It is big day for Google with many different projects showcased, as well as a new design. What do you love is another one of the many. While not ground breaking, it basically is a search engine that allows you to see all of the different Google products in one place. For example, if you search for waterfalls it returns a nice page where you can see waterfalls on the map, blogs, YouTube, patents and more.

Google what do you love

I’m not really sure what the point of this one is other then that it is an easy way for Google to introduce people to their products that they may not have known about before; however, I am hard pressed to find a term that would actually return relevant results for all of the different Google products.

What are your thoughts? Will you use this? Lets us know in the comments.

Eight Tips for Completing a Successful Product Inventory Count

Posted on June 24, 2011 by Ashley

Every year our business does what would be called a “physical inventory count.” To me, just looking at those three little words seems daunting. Last year, myself and five other co-workers braved the warehouse shelves in order to update our product inventory count. As a small business, this is important for us to do in order to keep an accurate count of inventory we have. However, since it can be extremely time consuming, here are a few tips for you to consider before diving into the inventory trenches!

  1. Set a Date - As some of you may have found out the hard way, taking inventory is not something you want to do randomly one day when you may have nothing else to do. Since taking inventory takes a lot of time, it is important to set a date in the coming days or months that can give you time to make a plan.
  2. All Hands on Deck - Setting a date and planning ahead is important, but if you don’t check to make sure your fellow department co-workers are at work that day…good luck doing it on your own! Check the company calendar and make sure you set the physical inventory count on a day that all members can be there!
  3. Be One with Your Warehouse - Now that you have a date set on a day that people will actually be at work to help you, it is important to know your way around in your warehouse. Just because you have a group of co-workers ready to dive in, if you have no plan of action, the only physical thing happening will be chaos. Go through each isle and figure out how you want to sort or section out the different parts of inventory before you start the process. For us, we have found that having the product sorted by manufacturer makes it easy to find what you need. Using labels as a visual marker can also be a huge help as well.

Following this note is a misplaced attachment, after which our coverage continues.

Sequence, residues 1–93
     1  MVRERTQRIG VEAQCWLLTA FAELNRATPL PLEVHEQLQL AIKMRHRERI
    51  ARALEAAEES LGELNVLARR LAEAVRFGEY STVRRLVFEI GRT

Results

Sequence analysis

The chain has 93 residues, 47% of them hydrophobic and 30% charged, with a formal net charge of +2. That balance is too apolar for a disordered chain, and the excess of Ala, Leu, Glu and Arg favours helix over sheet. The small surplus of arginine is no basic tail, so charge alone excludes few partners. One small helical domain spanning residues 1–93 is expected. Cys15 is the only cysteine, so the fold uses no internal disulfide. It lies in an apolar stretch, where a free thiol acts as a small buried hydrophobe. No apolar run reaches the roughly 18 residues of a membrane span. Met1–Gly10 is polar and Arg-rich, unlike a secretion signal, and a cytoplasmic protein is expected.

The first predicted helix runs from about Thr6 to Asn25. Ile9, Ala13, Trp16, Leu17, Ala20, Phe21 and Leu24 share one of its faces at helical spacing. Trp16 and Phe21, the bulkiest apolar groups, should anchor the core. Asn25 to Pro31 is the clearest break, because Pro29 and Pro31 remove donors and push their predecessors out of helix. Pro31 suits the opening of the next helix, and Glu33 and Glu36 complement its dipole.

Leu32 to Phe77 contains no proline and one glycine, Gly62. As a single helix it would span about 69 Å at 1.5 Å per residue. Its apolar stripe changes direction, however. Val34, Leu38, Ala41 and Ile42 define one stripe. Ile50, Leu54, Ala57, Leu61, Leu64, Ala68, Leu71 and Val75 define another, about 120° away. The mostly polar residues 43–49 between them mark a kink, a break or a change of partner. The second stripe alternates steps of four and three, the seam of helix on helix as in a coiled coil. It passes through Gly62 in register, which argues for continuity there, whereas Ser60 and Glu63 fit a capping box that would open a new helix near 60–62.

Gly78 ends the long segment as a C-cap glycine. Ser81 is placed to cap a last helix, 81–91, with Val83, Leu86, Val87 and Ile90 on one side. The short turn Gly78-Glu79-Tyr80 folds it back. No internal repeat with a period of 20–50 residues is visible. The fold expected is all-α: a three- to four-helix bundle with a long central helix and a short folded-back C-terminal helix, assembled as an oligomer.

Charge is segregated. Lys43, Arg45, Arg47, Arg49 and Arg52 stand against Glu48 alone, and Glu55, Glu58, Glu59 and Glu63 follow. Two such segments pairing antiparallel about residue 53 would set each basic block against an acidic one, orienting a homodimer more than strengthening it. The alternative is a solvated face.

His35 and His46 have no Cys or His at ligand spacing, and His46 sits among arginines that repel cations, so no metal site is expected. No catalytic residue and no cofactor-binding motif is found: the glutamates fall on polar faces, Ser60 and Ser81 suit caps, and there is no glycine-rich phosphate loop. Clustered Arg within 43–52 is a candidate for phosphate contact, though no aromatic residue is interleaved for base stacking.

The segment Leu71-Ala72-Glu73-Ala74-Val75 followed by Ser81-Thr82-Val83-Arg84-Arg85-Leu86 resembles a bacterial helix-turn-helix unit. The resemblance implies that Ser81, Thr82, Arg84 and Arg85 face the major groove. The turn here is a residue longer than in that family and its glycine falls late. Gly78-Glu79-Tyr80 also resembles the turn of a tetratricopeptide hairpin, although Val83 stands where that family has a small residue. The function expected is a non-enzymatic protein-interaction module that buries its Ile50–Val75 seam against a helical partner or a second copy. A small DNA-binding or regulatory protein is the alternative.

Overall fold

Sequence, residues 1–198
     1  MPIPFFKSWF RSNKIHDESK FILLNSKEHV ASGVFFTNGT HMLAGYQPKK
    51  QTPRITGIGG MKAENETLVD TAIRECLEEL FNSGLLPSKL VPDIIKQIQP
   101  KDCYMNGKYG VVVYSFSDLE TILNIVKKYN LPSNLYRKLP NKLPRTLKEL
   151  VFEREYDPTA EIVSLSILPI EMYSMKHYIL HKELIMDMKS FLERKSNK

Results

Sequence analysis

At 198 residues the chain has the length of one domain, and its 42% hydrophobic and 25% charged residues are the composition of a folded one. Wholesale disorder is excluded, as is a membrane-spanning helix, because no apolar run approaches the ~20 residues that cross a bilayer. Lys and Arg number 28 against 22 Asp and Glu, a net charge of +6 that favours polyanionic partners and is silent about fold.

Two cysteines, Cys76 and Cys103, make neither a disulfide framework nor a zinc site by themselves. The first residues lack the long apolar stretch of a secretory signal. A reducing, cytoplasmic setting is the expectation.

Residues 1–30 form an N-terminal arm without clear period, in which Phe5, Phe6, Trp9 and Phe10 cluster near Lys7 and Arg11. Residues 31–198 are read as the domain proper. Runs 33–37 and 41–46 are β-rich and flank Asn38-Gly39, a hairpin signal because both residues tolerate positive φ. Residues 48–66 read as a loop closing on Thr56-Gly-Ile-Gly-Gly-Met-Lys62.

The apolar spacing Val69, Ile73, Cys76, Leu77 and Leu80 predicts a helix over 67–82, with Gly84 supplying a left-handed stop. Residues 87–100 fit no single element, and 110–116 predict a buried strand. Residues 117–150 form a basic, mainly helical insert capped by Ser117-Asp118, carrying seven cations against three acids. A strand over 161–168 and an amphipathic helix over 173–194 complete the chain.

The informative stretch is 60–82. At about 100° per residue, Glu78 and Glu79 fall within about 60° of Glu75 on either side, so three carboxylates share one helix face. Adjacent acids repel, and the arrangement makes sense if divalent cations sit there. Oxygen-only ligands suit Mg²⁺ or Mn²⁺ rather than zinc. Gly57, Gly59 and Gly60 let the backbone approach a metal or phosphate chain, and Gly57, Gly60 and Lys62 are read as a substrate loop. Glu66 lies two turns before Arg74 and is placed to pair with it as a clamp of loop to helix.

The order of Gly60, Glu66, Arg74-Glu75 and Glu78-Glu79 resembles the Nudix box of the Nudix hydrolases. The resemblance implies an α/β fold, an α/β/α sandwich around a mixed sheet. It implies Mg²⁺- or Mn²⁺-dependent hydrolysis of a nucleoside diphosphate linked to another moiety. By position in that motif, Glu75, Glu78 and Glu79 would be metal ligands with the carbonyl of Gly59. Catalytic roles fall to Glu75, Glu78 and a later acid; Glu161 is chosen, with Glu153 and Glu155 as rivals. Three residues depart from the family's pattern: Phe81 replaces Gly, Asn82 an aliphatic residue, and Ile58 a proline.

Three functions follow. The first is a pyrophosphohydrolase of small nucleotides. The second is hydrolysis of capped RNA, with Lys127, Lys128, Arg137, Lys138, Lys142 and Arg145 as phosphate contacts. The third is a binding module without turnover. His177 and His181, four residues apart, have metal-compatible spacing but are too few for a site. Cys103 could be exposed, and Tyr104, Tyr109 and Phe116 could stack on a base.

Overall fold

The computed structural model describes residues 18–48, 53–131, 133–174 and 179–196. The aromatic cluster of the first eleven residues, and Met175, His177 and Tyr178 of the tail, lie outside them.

4. Assign, Assign, Assign! - Now that you have set a date, have co-workers to help, and labeling in the warehouse, assign each person or persons to a row or isle that they can be in charge of. When you are dealing with thousands of products, organizing and assigning a section to each group of people will help the counting go quickly. If you release your team to the warehouse without an action plan, chaos is inevitable.
  5. Technology - Now that all the working pieces are in place, you need a way to capture the information! For most, it’s all going to be inputted into a computer. As silly as it may sound, it can be easy to miss the importance of how you will be capturing the data. It would also be best to leave a column for notes, in case you run into “problem” products, like those without defined brand names or model #s.
  6. Pro-nun-ci-ate - I can not tell you how many times this last year we all spent yelling back and forth at each other because the person taking down the numbers could not understand the person reading off of the labels. Add in a few passing trains and deliveries from FedEx and UPS and you have a mass reverberating chaos of sound. Make sure if you are the person the information is coming from, to pronunciation each word and letter very clearly so that the receiver isn’t asking you to repeat yourself a hundred times.
  7. Team Huddle - Now that you are ready and have communicated all the necessary information about to your team, take a moment to encourage them! Let them know to be quick but efficient. Most importantly though, let them know that if they find a product out of place or with an incorrect label to get it down on the computer, move it to the correct section.
  8. Sound the Alarm - Make sure you let the rest of your office and your customers know that you are doing a physical inventory count! For most of us this will take up an entire morning if not longer. By letting the rest of your co-workers and customers know, it will cut down on questions regarding inventory quantity. Also, your fellow co-workers won’t have to wonder where everyone is when they see an entire department gone from their desks and no where to be found!